Monday, November 28, 2011

Beware the Heparin Vampire

So poor Larry and Shelby.  I paged for them to come since my bag didn't just spring a leak, it totally let go on the side of my body, thus covering my gown and the bed in well....contents.  And since I was still on clear liquids, I do mean cover as it was like water.  Larry comes in, asks what is needed, and I tell him what I normally use for my ostomy.  He goes to the supply cabinet and comes back with the available wafers that they have.  They were big enough for a person with a 2xl stoma.  They were huge!  They also had the tape border on them, which my skin reacts to, so we had to modify just a bit by cutting off the whole tape edging.  Shelby came in for the assist, bringing towels to put under me as the stoma was continuing to leak, and got a heat pack to warm up the wafer at my encouraging.  See, when I was originally hospitalized back at Vassar, I was told by my home health aide (right after surgery) that the best way to get a bag to stick is to warm up the wafer by rubbing it between your hands for between thirty and sixty seconds, with the backing still on of course.  That way the wafer is about the same temeprature as your skin and sticks so well indeed.  So with lack of range of motion on my arms and an inability to warm anything up, Shelby got the heat pack so we could put the wafer on it to 'self warm.'  In addition, they found me adapt barrier rings by some stroke of luck (which help prevent erosion from stool on skin and are my personal God send), and we managed to get me cleaned up, the new bag on, and new bedding in the course of about twenty minutes.  In hospital time, that's record speed!  I think that there probably aren't too many ileostomy patients that find their way onto the spinal unit, so it was a crash course for all of my nurses in dealing with an ile with a mind of its own.  I'm pretty sure some of the nurses hadn't handled them before, but knew what to do from reading it in a textbook or hearing it in a lecture, but it's always good to have the hands on experience.  Larry, bless him, found out the proper size I used and put an order in for the correct sized supplies to be sent to the floor to have on hand for the next time it fell off.  They even were to be put in my room number specifically.  I really felt like I was getting 5 star treatment, at least as far as my ostomy was concerned. 

Larry came back in with my evening dose of heparin, the bood thinner I was on to keep clots from forming in my body since I had been immobile for so long.  Normally they can do it in your belly so it hurts less, but considering my was covered in bandages, the only option seemed to be my right thigh.  They squeeze a chunk of your thigh, plunge the needle tip in, and give it a good push to get all of the medicine inside.  It had become somewhat of a joke between Rich and me regarding the shots, as my skin scars so easily, it was beginning to look like a pattern of some nature.  After the heparin vampire did the first few puncture marks, they varied around my leg.  We were wondering if we should go for a rousing game of connect the dots or see if we could do constellation patterns.  They hurt like the dickens going in, burn for about three minutes afterward, and at least on my body, left marks that didn't go away, but at least I wasn't clotting internally.  That, with my history, is a blessing.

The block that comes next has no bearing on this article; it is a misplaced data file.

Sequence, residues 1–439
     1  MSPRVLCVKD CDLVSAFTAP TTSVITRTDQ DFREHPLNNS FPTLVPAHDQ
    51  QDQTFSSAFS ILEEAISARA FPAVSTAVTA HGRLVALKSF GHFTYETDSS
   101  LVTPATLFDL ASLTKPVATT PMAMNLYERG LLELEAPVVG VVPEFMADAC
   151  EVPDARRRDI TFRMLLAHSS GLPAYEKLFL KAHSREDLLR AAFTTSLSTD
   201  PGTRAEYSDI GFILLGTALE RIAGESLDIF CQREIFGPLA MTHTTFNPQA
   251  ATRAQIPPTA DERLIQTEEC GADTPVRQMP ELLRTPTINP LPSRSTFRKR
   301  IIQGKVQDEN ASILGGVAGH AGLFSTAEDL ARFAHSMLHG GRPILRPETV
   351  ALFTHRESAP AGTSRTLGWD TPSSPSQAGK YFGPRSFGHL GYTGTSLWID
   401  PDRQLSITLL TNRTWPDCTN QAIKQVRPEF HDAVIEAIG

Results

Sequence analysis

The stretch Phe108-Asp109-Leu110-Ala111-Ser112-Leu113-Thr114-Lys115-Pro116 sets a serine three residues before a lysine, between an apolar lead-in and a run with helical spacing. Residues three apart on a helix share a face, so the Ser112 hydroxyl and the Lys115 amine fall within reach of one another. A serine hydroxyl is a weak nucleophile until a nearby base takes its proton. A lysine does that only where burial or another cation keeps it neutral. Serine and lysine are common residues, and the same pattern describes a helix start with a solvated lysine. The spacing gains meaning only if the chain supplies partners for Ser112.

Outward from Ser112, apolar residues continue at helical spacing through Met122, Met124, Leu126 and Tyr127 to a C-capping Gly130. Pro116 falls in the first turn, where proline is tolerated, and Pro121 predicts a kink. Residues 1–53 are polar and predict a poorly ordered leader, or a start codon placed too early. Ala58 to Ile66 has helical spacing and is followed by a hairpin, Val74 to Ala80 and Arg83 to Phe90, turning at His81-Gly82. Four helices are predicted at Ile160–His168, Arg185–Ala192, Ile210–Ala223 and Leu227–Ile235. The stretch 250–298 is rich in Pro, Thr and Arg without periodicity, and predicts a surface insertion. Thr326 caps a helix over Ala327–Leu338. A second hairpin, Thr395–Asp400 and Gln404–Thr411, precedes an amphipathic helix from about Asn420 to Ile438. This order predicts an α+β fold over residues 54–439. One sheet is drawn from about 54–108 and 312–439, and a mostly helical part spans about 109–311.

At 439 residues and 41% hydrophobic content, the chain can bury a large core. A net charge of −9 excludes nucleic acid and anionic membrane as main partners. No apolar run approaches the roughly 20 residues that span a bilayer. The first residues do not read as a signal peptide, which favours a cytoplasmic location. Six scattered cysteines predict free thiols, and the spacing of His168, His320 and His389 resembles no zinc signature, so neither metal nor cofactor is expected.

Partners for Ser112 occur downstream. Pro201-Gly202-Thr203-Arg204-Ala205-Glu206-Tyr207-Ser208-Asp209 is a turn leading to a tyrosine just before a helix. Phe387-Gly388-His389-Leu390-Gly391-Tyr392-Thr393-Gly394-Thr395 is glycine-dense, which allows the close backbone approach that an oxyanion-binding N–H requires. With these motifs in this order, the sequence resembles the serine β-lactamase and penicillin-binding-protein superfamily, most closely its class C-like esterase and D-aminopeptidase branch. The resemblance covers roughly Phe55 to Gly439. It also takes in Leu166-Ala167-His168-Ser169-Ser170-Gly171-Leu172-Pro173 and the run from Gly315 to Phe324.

See, back when I was in college I got very bad cellulitis in my ankle during the last week of school.  It got to the point that I could no longer walk on my foot, but moreso hobble.  When my parents came to pick me up and bring me back home for the year they found me sitting in my room with hardly anything packed.  What was upset on their part quickly turned to concern when they saw that my ankle was about three times the size it should have been, and it was on fire and I was in severe pain.  They hurridly packed me up, brought me home, and I went to my podiatrist who said I'd need to go to the doctor the next day.  By the next morning, I had developed a blood clot in the tip of my thumb, and ended up being admitted to the hospital for ten days.  Since then, I'm considered at risk for clots, hence taking the extra precaution with the heparin to make sure it didn't happen while lying flat in bed. 

I was also getting used to having a new roommate.  She was an older lady, somewhere in her 70s if I had to venture a guess.  She was a bit of an add one.  She was dressed in a sweatshirt and sweatpants.  She had absolutely no i.v.s on her at all.  She took two pills orally per day and complained about everything.  And I do mean everything.  I just had no clue how bad she would be as a roommate, but I'd soon learn, she was the antithesis of the nice older lady.  But day three came to an end, or so I thought.  Hoping to get some sleep, we turned off the lights, and for the first time by back was pain free.  I slowly drifted off to a semi-conscious sleep, happy that I wasn't on the verge of tears. 

No comments:

Post a Comment